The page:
German govt greenlights first phase-out support payments of 260 million euros to coal regions
Reuters / ZDF
Germany’s federal government and coal mining states have agreed on a programme worth 260 million euros to provide fast support to regions affected by the exit from coal-fired power generation, reports the news agency Reuters (read a shorter version of the Reuters article in English here). This would be a first step, coal state government sources told public broadcaster ZDF, but the regions say they will need a total of 40 billion euros over the next 20 years. The emergency programme presented by finance minister Olaf Scholz is intended to support numerous projects in the coal states of North Rhine-Westphalia, Saxony, Saxony-Anhalt and Brandenburg by 2021. These include new rail lines and other measures to improve the transport infrastructure - but also support for innovation or broadband expansion.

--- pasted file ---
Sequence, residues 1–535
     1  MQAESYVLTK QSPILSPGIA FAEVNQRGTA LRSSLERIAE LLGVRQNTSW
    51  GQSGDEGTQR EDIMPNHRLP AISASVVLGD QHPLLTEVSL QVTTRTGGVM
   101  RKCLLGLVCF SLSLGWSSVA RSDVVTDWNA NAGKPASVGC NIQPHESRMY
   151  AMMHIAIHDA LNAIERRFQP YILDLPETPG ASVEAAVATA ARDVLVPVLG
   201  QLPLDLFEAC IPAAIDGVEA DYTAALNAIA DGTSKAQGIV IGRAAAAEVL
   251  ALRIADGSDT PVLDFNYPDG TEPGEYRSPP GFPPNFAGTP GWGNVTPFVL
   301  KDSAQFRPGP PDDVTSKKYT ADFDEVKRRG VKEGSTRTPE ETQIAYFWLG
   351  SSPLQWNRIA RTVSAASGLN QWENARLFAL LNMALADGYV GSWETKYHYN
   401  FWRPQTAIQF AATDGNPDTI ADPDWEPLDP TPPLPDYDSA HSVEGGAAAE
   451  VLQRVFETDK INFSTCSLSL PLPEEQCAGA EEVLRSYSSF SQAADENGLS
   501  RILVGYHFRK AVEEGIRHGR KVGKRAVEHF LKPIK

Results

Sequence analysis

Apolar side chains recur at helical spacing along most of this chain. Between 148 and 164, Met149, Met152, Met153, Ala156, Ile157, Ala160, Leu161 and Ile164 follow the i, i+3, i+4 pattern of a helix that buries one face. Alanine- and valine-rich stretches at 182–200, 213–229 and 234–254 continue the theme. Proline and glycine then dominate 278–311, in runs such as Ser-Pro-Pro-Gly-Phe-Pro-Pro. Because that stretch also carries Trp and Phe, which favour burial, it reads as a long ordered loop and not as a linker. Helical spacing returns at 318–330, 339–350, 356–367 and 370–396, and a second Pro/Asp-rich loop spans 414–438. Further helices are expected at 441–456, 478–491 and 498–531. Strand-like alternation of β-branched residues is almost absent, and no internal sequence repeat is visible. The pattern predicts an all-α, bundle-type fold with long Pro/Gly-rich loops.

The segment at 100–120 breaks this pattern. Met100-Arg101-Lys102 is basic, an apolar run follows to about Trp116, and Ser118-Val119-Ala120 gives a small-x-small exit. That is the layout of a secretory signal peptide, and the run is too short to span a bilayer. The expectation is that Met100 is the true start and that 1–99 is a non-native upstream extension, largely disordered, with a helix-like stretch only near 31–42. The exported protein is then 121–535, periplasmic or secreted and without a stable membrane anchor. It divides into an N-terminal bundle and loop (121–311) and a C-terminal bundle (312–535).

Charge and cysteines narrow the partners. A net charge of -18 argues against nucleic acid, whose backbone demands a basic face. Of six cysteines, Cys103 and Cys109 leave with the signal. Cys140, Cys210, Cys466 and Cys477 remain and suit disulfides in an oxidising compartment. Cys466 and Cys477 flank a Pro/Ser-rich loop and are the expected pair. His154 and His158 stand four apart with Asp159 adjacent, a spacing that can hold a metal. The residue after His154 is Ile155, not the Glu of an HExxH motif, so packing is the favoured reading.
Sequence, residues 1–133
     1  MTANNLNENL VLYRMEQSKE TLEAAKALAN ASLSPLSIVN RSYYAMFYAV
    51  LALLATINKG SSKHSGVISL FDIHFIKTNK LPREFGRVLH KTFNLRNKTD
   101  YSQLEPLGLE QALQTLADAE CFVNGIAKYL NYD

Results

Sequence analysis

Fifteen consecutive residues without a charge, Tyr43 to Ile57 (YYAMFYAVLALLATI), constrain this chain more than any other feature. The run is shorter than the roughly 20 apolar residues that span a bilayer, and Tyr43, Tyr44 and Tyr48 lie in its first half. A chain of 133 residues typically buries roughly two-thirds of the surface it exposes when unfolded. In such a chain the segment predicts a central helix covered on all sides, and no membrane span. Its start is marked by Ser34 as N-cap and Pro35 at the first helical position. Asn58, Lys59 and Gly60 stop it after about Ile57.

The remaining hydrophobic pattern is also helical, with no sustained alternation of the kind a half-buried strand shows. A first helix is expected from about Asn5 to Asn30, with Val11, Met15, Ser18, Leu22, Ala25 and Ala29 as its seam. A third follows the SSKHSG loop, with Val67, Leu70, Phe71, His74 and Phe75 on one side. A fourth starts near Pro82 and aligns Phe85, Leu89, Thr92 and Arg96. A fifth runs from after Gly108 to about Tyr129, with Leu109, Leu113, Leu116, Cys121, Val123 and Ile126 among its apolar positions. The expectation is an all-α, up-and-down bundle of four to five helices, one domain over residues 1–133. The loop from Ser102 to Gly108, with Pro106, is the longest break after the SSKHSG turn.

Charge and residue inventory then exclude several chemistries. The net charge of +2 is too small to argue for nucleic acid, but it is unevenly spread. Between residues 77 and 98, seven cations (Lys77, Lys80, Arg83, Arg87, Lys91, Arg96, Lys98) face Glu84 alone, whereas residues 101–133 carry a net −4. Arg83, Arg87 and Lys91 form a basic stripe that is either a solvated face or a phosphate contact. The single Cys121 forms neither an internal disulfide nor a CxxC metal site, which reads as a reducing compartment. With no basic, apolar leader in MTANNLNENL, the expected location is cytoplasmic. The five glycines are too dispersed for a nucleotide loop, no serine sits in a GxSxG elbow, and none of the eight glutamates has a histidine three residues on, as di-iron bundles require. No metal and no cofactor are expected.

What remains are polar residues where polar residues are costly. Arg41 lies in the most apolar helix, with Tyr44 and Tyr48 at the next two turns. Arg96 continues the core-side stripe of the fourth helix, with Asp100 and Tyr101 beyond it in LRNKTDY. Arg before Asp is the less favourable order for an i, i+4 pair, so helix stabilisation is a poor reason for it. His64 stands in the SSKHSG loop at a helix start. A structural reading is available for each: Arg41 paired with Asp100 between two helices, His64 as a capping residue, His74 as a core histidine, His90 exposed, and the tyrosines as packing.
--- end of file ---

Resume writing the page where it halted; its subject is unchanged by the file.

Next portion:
The financial agreement is one of the first concrete measures after a government commission in late January proposed to phase out coal-fired power generation by 2038. Germany’s planned coal exit is expected to cause billions of euros in costs for the public, as the country’s coal exit commission agreed on far-reaching measures to assist the affected regions and coal workers financially and to invest in dozens of infrastructure and training projects. The commission did not put a number on the suggested support measures directly. However, media reported that affected regions should get some 40 billion euros over the next 20 years and that the amount should be fixed in a separate federal law, which would also be binding for future governments. However, the final costs also depend on other factors, such as possible compensation payments to coal plant operators, or the power price's development.